Jonah Lomu Rugby Challenge Review
Sony PlayStation 3Also available on Microsoft Xbox 360
Rugby Union is a sport that has always felt under-represented on consoles and home computers. It says something that even now, some 14 years after its release, Codemasters’ Jonah Lomu Rugby is still considered by many to be the best rugby game available.
With this year’s Rugby World Cup that all seemed certain to change with not one, but two new rugby games hitting the market. You’ve probably already read our thoughts on Rugby World Cup 2011, but if not check out the review here.
Jonah Lomu Rugby Challenge (note the added “Challenge”) comes not from Codemasters but Sidhe, who have previously developed several Rugby League titles. I was hoping that with two rival rugby titles available it would spark a PES/FIFA style rivalry that would lead to constantly improving yearly updates. It remains to be seen if that is the case, but on this evidence both titles have a long way to go to reach the standards of PES and FIFA.
Booting up the game (and the obligatory START button press) takes you to the main menu. You get a nice rolling animation in the background of some rugby action whilst you dither over the choices presented. Single Match, Training, Competitions, Career Mode, Play Online, Customise, Help & Options and Rugby Store are all available for your selection.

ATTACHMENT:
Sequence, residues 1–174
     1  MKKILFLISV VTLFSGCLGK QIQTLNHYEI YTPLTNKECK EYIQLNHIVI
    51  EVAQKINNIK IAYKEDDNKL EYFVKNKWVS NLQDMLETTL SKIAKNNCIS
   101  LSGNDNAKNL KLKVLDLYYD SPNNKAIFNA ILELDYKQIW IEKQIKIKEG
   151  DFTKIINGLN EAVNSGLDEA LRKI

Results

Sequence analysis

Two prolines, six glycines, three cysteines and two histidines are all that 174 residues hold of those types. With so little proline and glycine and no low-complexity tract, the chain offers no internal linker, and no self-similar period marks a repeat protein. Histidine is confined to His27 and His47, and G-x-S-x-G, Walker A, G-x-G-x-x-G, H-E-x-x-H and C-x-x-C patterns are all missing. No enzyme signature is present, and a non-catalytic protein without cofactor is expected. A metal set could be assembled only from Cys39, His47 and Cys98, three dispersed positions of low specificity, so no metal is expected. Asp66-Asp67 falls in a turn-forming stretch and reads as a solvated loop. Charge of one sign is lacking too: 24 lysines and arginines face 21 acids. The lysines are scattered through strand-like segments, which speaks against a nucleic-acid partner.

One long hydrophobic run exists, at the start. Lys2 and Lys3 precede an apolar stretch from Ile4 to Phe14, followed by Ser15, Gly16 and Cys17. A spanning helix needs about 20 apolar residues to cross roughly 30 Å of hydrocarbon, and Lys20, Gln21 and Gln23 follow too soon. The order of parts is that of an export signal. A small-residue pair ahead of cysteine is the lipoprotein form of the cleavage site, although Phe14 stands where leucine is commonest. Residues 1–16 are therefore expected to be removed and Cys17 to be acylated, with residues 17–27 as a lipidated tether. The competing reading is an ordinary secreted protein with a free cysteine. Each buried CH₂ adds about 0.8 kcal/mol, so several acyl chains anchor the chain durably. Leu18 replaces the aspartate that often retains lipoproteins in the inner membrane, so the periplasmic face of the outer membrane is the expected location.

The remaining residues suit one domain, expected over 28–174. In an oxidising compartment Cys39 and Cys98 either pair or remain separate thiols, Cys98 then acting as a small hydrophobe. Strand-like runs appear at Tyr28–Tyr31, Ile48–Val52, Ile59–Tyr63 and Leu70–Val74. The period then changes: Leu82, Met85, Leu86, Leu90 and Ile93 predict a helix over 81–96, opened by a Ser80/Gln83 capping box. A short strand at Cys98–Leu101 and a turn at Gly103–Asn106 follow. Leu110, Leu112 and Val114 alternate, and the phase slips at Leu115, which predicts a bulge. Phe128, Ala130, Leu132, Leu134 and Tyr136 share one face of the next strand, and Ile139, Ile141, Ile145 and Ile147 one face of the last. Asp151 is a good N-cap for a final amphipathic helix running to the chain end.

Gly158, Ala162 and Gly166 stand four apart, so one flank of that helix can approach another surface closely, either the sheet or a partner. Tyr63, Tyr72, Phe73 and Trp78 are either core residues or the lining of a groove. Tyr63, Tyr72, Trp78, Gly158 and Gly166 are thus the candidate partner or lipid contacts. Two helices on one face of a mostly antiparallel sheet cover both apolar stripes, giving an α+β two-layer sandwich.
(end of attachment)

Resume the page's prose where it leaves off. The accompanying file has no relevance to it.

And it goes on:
Selecting Single Match lets you get into a quick match picking from any of the teams available. These are neatly divided into 7 categories and include custom teams, international sides and club teams from five countries. There’s no limit to which sides you can pick to face off against each other, so if you would like to see how Wasps would fare against Australia then go for it!
Jumping into the action, unfortunately some of the shine comes off. Passing feels lose, with far too many passes just being wildly inaccurate. I’ve lost count of the number of times that I’ve been on the attack with a man over out wide and the try line begging only to see what should have been a simple pass go behind the player and into touch. It can also take too long for a player to make a pass, so long in fact that you think your button press hasn’t registered so you press again, which then sees the original pass being made with the receiver then making a second, unwanted pass which often sees the ball bouncing into touch. Frustrating.